Fire extinguishers must be inspected for home safety.
High pressure cylinders for storing carbon dioxide (CO2) gas or a mix of gases are used for a variety of purposes, including custom aquaria, SCUBA diving, beer brewing and paintball sports. Most importantly, fire extinguishers are often CO2 cylinders, and must be inspected regularly in order to ensure home safety. According US Department of Labor Occupational Health and Safety Administration regulations, CO2 cylinders should be tested once every five years by a facility certified by the US Department of Transportation. Does this Spark an idea?
1. Depressurize the CO2 cylinder by opening the valve slowly and releasing the pressurized CO2 gas.
2. Inspect the exterior of the cylinder for any signs of rust or corrosion. Discard compromised tanks.
3. Remove the valve from the cylinder and visually inspect the interior for any signs of rust or corrosion. Use the flashlight to ensure good visibility. Discard compromised tanks.
4. Place the empty, open cylinder into the hydrostatic wet-jacket testing chamber.
5. Attach the pressurized water inflow valve to the top of the cylinder and seal the chamber.
6. Fill the chamber with water at normal pressure.
7. Slowly fill the cylinder with water under pressure to 5/3 of the working capacity specified in the DOT stamp (see Resources) on the neck of the cylinder. For example, a 1,000 psi (pounds per square inch) cylinder should be filled to 1,667 psi (1000 x 5/3).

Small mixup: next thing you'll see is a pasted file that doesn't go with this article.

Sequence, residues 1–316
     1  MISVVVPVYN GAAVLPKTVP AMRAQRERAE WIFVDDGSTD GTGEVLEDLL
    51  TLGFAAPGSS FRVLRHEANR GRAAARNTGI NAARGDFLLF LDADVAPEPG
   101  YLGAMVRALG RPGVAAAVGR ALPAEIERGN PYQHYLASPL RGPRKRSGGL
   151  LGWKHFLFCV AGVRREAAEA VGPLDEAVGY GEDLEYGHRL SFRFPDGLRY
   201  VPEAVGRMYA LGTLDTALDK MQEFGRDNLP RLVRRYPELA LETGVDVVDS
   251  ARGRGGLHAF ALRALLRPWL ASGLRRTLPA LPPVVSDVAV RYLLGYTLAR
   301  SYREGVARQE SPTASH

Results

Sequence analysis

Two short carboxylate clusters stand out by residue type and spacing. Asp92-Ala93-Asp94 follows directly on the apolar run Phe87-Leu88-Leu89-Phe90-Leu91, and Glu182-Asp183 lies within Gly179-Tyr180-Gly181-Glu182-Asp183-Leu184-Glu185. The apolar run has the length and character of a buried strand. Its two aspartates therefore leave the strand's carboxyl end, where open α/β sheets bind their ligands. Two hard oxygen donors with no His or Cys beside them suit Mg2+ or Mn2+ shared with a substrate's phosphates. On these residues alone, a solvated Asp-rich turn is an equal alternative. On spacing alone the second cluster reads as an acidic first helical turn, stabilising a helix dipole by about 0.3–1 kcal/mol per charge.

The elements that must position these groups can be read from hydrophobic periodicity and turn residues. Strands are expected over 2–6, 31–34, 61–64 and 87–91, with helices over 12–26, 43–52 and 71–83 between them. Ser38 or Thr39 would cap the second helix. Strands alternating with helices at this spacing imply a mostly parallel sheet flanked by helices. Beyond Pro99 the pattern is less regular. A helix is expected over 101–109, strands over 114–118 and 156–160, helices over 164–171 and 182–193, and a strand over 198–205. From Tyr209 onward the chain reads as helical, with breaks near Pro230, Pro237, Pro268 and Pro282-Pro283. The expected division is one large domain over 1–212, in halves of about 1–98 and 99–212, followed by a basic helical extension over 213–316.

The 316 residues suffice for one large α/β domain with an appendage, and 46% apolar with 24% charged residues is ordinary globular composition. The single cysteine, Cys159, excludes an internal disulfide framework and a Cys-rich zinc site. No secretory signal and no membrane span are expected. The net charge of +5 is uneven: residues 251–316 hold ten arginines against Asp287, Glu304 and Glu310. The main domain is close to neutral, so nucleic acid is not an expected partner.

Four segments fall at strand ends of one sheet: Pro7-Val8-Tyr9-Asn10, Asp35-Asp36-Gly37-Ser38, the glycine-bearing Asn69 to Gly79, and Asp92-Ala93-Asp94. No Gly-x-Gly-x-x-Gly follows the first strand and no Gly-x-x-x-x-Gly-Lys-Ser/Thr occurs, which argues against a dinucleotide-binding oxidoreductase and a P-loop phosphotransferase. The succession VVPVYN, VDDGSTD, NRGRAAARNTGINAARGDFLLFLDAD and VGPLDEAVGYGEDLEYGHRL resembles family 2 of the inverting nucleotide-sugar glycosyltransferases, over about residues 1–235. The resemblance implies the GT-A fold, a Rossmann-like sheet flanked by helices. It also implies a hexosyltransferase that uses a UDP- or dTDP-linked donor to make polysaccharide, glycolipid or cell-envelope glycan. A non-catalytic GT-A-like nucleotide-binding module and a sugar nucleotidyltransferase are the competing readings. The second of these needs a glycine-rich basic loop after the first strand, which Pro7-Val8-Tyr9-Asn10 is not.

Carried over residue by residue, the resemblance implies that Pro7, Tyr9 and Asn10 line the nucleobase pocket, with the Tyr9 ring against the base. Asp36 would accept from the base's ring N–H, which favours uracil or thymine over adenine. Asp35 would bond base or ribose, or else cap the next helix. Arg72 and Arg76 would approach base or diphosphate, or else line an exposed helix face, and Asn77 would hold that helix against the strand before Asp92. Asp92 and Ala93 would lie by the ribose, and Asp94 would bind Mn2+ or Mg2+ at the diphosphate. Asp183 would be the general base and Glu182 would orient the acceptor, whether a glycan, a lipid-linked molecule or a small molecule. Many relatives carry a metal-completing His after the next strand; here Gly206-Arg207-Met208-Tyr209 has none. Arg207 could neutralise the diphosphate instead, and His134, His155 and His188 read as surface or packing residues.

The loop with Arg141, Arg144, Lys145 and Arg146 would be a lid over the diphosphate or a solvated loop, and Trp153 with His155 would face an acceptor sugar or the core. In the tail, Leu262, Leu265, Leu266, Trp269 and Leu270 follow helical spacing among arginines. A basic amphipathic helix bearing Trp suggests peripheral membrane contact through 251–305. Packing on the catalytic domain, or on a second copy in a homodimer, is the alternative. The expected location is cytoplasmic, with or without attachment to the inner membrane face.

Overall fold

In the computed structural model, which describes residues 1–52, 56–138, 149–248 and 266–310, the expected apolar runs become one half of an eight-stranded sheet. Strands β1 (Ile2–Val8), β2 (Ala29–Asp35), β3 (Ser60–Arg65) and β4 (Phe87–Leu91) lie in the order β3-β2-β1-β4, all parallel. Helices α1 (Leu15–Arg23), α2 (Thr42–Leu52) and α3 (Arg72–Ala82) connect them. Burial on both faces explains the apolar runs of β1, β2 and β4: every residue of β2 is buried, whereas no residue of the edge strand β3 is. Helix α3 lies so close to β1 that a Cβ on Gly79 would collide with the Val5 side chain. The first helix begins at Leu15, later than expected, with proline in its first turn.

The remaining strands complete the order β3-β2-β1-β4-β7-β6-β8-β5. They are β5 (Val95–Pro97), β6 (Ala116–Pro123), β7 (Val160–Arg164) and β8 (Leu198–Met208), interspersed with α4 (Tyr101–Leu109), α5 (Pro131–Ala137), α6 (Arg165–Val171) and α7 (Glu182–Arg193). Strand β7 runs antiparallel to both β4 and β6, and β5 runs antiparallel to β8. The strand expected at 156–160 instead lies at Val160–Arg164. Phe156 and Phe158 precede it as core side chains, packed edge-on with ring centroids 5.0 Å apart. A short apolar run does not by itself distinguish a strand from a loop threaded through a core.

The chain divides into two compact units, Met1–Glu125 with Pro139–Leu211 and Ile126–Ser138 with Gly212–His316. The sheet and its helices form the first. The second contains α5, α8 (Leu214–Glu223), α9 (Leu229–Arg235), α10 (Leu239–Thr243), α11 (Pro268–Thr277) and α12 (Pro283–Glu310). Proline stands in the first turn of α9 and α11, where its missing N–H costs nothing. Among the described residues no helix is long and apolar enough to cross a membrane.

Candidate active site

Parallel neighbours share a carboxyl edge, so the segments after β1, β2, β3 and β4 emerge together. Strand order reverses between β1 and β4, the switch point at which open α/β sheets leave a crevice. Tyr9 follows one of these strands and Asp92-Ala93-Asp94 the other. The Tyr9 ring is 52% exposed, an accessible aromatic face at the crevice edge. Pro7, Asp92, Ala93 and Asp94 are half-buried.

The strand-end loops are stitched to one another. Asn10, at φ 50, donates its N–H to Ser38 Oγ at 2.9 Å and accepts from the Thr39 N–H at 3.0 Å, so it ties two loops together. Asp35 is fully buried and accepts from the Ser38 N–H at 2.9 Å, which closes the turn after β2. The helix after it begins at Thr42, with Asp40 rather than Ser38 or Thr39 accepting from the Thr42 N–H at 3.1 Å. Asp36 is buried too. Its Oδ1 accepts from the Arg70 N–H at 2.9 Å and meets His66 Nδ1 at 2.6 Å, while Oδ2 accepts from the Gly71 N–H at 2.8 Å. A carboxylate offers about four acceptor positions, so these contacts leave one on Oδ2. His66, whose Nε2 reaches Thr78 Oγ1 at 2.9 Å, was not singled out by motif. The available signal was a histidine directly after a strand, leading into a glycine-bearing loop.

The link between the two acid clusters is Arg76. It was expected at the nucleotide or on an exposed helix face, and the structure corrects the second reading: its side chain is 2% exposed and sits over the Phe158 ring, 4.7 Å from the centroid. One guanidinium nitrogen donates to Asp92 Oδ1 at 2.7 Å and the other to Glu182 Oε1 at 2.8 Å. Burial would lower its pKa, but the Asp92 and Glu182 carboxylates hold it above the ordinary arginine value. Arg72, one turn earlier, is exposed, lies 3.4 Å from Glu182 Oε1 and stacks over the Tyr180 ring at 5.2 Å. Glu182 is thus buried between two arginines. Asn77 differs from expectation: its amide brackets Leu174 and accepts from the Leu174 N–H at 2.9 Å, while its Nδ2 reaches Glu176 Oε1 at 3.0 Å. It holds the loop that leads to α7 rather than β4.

8. Monitor the water level in the burette as the tank fills. The burette is the clear glass tube with increment markings (ml) that is located on the outside of the chamber. As the pressurized cylinder expands inside the chamber, it displaces water into the burette. Record the water level in the burette at 5/3 pressure (e.g. 100 ml).
9. Slowly release the pressure from the water cylinder. Record the water level in the burette after the cylinder pressure is released (e.g.10 ml).
10. Approve the hydrostatic test for the cylinder if the water level in the burette after pressure release is ten percent or less of the water level in the burette at maximum pressure; otherwise the cylinder did not return to normal size and you should not certify the cylinder.
11. Label the cylinder with the name and signature of the person performing the test, the test date, and the serial number of the cylinder tested.